This is a nice, long tutorial on refactoring loops to collection pipelines.
From the Mockserver web page:
Why use MockServer?
MockServer allows you to mock any server or service that you connect to over HTTP or HTTPS, such as a REST or RPC service.
This is useful in the following scenarios:
- easily recreate all types of responses for HTTP dependencies such as REST or RPC services to test applications easily and affectively
- isolate the system-under-test to ensure tests run reliably and only fail when there is a genuine bug. It is important only the system-under-test is tested and not its dependencies to avoid tests failing due to irrelevant external changes such as network failure or a server being rebooted / redeployed.
- easily setup mock responses independently for each test to ensure test data is encapsulated with each test. Avoid sharing data between tests that is difficult to manage and maintain and risks tests infecting each other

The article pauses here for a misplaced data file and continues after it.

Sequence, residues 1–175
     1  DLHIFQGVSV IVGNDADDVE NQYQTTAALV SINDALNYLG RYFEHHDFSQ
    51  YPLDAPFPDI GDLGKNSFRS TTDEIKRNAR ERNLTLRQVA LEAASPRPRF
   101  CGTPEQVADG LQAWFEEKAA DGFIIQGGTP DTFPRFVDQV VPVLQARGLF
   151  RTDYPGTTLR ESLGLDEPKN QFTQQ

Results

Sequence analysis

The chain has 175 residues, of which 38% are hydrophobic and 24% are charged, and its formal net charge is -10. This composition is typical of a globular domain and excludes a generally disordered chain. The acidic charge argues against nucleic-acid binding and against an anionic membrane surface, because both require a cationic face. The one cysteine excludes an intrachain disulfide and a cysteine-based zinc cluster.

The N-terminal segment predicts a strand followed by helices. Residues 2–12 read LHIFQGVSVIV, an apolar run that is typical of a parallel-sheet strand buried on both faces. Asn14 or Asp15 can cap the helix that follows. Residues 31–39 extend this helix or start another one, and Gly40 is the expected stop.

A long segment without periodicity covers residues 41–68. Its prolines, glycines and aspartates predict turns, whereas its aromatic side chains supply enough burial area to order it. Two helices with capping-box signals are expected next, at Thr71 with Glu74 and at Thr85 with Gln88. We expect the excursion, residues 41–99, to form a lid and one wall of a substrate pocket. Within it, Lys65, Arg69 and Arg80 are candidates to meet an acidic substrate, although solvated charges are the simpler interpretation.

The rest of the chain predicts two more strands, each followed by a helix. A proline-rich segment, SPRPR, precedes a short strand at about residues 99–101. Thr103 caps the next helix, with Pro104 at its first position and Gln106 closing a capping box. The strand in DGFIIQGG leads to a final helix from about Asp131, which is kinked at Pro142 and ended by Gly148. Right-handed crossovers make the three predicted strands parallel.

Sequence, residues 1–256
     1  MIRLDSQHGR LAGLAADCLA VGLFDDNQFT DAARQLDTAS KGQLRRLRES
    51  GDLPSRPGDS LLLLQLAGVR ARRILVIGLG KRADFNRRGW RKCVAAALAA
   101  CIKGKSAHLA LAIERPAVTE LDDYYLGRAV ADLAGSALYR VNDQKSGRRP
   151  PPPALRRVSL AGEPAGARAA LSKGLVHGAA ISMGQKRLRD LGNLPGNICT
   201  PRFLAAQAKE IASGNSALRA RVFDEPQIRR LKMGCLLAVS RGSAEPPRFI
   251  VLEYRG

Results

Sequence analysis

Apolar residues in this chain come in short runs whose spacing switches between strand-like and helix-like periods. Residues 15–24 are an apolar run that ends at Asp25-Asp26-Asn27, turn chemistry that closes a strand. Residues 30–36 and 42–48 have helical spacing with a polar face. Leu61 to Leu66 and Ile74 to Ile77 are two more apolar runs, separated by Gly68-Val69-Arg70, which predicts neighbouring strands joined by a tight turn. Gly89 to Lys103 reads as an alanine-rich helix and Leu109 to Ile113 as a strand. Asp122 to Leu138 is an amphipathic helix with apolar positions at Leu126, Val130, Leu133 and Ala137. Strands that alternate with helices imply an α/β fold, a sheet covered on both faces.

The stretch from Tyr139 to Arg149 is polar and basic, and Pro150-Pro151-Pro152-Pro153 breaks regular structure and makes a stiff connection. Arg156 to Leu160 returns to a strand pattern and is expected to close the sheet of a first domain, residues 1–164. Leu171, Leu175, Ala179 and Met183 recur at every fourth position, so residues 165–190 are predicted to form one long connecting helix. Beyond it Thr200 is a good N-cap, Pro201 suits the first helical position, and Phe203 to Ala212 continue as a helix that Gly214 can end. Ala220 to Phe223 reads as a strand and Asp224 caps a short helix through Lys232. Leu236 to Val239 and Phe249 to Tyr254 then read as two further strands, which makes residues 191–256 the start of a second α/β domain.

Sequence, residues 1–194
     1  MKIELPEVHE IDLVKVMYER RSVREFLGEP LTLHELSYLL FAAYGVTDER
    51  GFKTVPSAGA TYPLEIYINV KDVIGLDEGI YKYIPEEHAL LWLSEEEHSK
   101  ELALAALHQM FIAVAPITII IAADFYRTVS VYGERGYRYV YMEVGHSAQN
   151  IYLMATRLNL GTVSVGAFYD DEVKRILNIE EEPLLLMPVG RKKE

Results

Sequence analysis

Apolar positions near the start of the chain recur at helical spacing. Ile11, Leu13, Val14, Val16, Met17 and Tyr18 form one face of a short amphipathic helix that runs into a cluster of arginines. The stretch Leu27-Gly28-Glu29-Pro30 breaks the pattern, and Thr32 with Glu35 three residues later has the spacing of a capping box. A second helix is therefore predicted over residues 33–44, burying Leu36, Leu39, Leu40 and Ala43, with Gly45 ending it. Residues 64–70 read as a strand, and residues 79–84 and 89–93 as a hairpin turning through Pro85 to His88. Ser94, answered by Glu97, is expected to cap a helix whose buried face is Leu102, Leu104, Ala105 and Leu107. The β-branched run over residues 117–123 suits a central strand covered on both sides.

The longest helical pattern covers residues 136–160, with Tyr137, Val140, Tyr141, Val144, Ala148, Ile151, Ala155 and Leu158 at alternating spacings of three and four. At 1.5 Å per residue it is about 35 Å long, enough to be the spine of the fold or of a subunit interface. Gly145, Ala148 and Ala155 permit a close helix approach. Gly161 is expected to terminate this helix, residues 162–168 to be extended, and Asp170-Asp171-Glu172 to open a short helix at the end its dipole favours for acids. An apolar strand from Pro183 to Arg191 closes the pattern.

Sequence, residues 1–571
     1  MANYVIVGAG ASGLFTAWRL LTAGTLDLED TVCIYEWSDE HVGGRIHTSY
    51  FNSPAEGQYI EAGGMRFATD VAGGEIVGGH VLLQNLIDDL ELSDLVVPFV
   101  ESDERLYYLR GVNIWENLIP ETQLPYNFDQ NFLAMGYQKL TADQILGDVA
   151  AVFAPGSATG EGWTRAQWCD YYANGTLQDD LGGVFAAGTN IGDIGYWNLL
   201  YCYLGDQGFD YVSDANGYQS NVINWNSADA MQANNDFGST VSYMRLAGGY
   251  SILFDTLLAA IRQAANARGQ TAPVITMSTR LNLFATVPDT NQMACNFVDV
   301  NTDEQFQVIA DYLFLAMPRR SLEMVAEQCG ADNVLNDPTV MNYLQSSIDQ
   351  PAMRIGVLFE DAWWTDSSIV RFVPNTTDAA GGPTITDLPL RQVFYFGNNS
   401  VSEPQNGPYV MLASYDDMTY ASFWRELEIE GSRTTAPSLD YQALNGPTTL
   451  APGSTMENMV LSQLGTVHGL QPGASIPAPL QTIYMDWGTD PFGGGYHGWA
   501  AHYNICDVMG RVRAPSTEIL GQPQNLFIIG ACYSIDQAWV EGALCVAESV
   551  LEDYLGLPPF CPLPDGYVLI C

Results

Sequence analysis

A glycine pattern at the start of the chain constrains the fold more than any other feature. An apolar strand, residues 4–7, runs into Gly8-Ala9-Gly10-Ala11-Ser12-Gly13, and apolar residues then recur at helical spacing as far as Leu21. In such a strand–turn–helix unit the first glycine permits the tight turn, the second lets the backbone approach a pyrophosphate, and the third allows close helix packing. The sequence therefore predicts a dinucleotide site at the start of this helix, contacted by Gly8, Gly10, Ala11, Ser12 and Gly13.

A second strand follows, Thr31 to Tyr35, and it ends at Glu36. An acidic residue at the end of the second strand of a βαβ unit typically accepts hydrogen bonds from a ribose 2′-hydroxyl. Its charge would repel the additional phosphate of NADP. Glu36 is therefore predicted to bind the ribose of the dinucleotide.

- create test assertions that verify the requests the system-under-test has sent
- start working against a service API before the service is available. If an API or service is not yet fully developed MockServer can mock the API allowing any team who is using the service to start work without being delayed
- isolate development teams during the initial development phases when the APIs / services may be extremely unstable and volatile. Using MockServer allows development work to continue even when an external service fails
isolate single service
- during deployment and debugging it is helpful to run a single application or service or handle a sub-set of requests on on a local machine in debug mode. Using MockServer it is easy to selectively forward requests to a local process running in debug mode, all other request can be forwarded to the real services for example running in a QA or UAT environment
The premise is provocative. Check it out.